Congress increases information return penalties

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Penalties for the failure to file correct information returns and to provide payee statements have more than doubled as a result of legislation passed by Congress and signed into law by the president on June 29. The increase in penalties is effective for returns required to be filed after Dec. 31, 2015.

The Trade Preferences Extension Act of 2015 (H.R. 1295) contained various revenue raisers, including the increases in the failure-to-file penalties under Sections 6721 and 6722.

Currently, the penalty for failure to file a correct information return with the IRS under Section 6721, or to provide a correct payee statement under Section 6722, is $100 for each return for which such a failure occurs, up to $1.5 million per calendar year. The new legislation increases those amounts to $250 per failure and $3 million per calendar year.

Under Sections 6721(b) and 6722(b), the penalty for failure to file such statements with either the IRS or the payee is reduced if the payor takes corrective action within a certain amount of time. If the failure is corrected within 30 days of the required filing date of the information return or payee statement, the penalty is reduced to $30 per return if the total amount of penalties, after corrective action, is $250,000 or less. The new legislation increases that amount to $50 per return and increases the threshold to $500,000.

Similarly, if failures are corrected after 30 days of the required filing date of the information return or payee statement, but before Aug. 1, penalties are reduced to $60 per return as long as total penalties, after corrective action, are $500,000 or less. The new legislation increases that amount to $100 per return and increases the threshold to $1.5 million.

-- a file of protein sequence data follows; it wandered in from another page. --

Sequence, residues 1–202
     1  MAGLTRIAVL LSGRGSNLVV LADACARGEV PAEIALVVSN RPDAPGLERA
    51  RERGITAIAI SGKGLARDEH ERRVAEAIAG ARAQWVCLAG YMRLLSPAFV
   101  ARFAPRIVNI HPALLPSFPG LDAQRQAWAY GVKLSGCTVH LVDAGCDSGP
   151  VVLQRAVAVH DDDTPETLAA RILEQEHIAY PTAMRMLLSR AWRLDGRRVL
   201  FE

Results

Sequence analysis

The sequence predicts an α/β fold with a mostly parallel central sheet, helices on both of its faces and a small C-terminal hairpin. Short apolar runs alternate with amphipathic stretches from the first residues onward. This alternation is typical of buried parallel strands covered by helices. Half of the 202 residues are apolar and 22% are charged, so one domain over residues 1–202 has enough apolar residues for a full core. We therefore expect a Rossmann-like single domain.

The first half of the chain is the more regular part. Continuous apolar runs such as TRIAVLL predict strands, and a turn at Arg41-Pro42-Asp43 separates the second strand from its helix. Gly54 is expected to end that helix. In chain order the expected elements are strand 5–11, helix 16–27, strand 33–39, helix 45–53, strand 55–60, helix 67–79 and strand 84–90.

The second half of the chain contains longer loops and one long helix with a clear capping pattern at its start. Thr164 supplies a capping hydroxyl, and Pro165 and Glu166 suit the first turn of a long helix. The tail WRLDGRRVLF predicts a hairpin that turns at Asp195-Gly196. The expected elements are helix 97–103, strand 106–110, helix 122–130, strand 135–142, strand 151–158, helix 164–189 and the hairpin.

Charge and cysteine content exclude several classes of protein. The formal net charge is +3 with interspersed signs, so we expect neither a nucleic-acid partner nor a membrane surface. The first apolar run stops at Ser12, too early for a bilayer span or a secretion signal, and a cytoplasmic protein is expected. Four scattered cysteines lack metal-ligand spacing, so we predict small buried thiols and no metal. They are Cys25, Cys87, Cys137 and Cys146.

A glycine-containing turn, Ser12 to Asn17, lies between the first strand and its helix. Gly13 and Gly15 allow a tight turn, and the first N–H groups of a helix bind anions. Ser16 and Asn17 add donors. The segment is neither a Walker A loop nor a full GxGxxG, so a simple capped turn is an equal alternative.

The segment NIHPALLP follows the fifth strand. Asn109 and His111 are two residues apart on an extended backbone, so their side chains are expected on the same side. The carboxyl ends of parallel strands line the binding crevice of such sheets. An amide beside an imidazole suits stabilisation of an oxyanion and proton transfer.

The legislation also modifies the threshold amounts for taxpayers with gross receipts of $5 million or less. In addition, it increases the penalty per return required to be filed from $250 to $500 for cases of intentional disregard.

The failure-to-file penalties under Sections 6721 and 6722 generally affect the following IRS forms, which may include various iterations for reporting certain types of income or transactions:

  • Series Forms 1099, “Miscellaneous Income”
  • Forms 1098, “Mortgage Interest Statement”
  • Form 1097, “Bond Tax Credit”
  • Form W-2, “Wage and Tax Statement”
  • Form W-2G, “Certain Gambling Winnings”
  • Form 5498, “IRA Contribution Information”

This list is not exhaustive, and other information returns may be required to be filed under Sections 6721 and 6722. Penalties imposed for failure to correctly file a required information return or payee statement may also be abated under Section 6724 if the failure resulted from reasonable cause and not willful neglect.

David Auclair
+1 202 521 1515

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